Like the majority of Polish writers of his generation, Tadeusz Konwicki went through a period of “mistakes and misjudgments” in his Stalinist youth before he was able to find a more authentic voice of his own. When he entered the literary arena in 1946, however, he brought with him the burden of his past—his experience of fighting Soviet troops in a home army guerrilla unit—which he had to repudiate in a painfully self-denying way in order to reconcile himself with the new political reality. This inner moral conflict caused Konwicki to lead a double life as a writer during the immediate postwar years: While publishing propagandistic literature and reportage, he was secretly writing a novel about his guerrilla experience. He was able to publish that novel, Rojsty, eight years after its completion. The year 1956—the year of the famous “thaw” in Polish political and cultural life—marked Konwicki’s authentic debut; since that time, he remained true to his underlying obsessions and recurring themes.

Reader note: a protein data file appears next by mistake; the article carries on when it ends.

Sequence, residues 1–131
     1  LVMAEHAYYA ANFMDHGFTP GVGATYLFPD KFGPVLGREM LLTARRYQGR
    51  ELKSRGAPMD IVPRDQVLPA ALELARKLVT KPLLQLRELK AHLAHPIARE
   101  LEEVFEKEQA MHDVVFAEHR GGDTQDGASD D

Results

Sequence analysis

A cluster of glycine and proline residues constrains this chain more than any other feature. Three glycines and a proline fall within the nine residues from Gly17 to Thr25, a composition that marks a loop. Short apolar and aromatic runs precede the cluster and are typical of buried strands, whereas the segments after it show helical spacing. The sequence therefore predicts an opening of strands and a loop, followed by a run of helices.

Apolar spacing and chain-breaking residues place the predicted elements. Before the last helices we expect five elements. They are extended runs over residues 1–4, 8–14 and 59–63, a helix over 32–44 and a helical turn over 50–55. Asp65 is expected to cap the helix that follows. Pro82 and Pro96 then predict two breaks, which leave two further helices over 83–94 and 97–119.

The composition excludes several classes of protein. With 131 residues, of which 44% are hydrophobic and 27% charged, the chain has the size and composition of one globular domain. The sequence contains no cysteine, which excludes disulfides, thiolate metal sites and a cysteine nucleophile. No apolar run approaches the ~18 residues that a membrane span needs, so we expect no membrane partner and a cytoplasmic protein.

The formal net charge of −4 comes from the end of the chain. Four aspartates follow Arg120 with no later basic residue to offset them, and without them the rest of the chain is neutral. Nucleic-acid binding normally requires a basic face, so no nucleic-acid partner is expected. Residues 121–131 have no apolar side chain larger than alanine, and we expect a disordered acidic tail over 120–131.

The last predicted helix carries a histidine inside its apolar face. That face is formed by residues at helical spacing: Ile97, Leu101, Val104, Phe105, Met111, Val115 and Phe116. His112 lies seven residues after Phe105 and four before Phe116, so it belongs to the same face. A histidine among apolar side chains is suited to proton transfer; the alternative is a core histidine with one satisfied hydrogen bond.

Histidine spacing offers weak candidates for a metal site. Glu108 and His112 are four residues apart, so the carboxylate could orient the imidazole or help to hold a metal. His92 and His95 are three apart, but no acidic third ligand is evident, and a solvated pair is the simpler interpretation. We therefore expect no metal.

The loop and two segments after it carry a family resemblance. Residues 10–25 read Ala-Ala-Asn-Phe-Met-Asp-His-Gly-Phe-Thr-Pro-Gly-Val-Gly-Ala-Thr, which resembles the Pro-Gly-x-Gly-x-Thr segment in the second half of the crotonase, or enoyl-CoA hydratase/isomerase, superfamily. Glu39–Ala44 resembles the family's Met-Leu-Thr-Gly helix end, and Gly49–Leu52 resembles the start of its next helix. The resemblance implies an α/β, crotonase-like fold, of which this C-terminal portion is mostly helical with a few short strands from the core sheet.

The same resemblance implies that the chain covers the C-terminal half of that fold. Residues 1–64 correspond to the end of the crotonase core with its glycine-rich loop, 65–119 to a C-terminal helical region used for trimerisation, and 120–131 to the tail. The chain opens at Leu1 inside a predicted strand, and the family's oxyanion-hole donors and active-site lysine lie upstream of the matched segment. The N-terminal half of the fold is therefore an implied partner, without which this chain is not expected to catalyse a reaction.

The constant subject of his novels is the reality of contemporary Poland, but reality seen in a highly subjective way, through the eyes of an individual who obsessively confronts it with his personal memories and with what he knows about his country’s historical past. Moreover, a characteristic device of Konwicki is his frequent use of a first-person narrator who does not fully belong to the reality he describes; thus, his primary task...
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